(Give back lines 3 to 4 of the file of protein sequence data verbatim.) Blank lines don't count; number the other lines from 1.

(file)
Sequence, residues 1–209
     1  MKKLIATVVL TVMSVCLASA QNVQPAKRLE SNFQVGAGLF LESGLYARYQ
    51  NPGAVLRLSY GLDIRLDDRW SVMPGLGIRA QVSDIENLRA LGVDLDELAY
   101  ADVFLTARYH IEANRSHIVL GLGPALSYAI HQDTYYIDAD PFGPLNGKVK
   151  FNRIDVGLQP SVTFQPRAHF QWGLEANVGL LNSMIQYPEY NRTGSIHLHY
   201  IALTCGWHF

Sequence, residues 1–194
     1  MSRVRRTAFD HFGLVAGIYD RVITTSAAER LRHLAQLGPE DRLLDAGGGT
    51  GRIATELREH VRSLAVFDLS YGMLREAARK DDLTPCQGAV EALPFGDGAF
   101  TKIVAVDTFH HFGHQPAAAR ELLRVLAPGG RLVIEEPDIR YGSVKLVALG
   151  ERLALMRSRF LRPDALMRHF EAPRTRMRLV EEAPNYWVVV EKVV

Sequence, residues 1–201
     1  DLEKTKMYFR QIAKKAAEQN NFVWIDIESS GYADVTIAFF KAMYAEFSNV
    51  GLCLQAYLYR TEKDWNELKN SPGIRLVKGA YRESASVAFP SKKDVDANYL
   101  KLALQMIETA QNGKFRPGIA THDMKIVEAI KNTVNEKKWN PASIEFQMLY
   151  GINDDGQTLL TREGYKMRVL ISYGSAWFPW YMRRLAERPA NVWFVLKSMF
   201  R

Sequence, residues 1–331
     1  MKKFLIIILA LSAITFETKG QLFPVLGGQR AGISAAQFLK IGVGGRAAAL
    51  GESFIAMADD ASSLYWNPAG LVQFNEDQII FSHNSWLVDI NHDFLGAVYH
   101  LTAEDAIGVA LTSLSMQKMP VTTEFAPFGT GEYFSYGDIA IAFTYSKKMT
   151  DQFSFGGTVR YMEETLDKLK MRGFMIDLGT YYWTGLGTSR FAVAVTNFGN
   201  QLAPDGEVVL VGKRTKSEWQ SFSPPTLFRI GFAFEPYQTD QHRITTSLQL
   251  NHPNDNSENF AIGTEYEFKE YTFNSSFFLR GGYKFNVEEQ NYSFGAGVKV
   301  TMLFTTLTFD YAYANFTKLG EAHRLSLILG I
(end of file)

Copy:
    51  NPGAVLRLSY GLDIRLDDRW SVMPGLGIRA QVSDIENLRA LGVDLDELAY
   101  ADVFLTARYH IEANRSHIVL GLGPALSYAI HQDTYYIDAD PFGPLNGKVK